An empirical analysis of drivers for electric vehicle adoption : evidence from Norway 2010-2014
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- Master Thesis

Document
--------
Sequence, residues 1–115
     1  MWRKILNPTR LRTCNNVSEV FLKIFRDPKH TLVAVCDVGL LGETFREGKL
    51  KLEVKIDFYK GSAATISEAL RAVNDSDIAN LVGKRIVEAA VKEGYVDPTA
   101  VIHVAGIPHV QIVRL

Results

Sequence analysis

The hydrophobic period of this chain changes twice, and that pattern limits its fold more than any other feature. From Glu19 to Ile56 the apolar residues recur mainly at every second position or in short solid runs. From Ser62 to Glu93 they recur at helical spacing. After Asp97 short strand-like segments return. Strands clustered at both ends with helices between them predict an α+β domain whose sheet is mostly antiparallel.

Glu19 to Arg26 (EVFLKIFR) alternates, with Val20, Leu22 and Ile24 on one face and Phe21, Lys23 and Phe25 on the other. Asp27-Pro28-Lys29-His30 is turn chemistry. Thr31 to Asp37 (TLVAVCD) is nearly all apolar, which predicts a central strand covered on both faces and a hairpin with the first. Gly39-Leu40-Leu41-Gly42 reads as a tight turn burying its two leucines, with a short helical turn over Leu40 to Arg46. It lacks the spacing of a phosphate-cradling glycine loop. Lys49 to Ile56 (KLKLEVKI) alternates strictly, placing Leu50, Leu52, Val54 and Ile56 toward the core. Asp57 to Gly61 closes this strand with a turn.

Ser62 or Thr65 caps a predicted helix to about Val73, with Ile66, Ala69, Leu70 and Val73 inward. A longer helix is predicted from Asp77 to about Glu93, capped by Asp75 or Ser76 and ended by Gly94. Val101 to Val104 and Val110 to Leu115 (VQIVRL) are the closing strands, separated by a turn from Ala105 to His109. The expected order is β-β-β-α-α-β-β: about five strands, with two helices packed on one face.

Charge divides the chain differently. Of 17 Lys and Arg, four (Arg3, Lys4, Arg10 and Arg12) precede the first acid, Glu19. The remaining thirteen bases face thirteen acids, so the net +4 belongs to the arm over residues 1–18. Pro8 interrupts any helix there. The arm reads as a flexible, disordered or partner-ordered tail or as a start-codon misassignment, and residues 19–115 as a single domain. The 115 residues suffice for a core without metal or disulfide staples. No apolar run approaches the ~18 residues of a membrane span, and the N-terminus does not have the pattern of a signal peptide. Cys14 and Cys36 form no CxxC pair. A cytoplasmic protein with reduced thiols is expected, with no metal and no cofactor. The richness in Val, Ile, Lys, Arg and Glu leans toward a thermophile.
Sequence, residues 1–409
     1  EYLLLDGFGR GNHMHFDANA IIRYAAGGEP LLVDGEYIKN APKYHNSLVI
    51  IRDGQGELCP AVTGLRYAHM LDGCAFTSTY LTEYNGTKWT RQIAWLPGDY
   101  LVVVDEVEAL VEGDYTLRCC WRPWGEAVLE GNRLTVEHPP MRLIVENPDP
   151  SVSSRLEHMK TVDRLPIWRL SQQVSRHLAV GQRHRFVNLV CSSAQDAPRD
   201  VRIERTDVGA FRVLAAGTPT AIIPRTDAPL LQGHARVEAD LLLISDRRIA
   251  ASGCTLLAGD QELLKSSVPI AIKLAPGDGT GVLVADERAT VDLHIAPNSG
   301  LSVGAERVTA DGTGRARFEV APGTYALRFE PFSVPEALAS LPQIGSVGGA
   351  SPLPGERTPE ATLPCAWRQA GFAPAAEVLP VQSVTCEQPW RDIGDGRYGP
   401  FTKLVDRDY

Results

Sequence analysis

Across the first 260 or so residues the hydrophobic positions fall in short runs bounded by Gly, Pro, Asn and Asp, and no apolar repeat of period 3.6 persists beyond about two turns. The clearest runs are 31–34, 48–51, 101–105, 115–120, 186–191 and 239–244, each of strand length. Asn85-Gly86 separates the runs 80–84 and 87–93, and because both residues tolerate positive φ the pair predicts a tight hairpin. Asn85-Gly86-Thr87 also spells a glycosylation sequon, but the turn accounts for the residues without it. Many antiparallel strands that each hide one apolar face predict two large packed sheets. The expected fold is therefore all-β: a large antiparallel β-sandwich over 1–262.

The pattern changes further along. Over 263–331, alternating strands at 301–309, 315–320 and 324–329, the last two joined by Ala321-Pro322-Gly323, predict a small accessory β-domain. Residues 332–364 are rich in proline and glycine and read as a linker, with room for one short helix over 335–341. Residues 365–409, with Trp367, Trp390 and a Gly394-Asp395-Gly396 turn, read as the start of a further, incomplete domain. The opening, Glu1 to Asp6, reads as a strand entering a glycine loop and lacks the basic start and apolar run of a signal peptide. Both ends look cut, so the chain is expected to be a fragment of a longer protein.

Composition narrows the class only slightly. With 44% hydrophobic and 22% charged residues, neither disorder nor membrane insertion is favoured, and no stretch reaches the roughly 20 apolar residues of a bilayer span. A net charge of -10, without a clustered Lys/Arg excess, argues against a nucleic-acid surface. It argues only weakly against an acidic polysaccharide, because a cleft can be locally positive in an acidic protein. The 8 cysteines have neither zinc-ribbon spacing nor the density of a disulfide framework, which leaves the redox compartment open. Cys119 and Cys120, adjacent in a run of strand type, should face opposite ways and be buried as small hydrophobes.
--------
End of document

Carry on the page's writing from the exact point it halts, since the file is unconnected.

We examine how government intervention in the automobile market aected the batteryelectric vehicle adoption in the Norwegian counties in the period between 2010 and 2014, and what regional dierences influenced the adoption rate. Norway has the world’s strongest means of support for electric vehicles and represents a mature market with a significant share of the total car fleet being electric. The government has promoted this growth on the basis that electric vehicles are part of the solution to the climate problem. It postulates that positive externalities from electric vehicle use are not captured by the market, resulting in a market failure, which necessitates government intervention. This paper explores the eects of interventions, such as support for charging-network development and financial incentives, on the development of electric vehicle adoption in the 19 Norwegian counties. We use a panel data approach where econometric methods of fixed eects, random eects and pooled OLS are applied. The period between 2010 and 2014 is covered on a yearly basis in the analysis. The paper contributes to existing literature by studying regions over time. Through pooled OLS, we found charging infrastructure to have the strongest predictive power followed by the economic gain from free passes through toll stations. Reduced rates for EVs on ferries were expected to have a positive eect on EV adoption, but came out with spurious results in this analysis. Time saved by having access to bus lanes did not turn out to have significant influence. Some county-specific features such as coastline and elevation seem to also play a role in the adoption of battery electric vehicles. Our results are interesting as they only partly support existing literature, and supplement it by adding geographic and climatic factors. The paper gives an indication for policy makers of what incentives are ecient in driving forward EV adoption.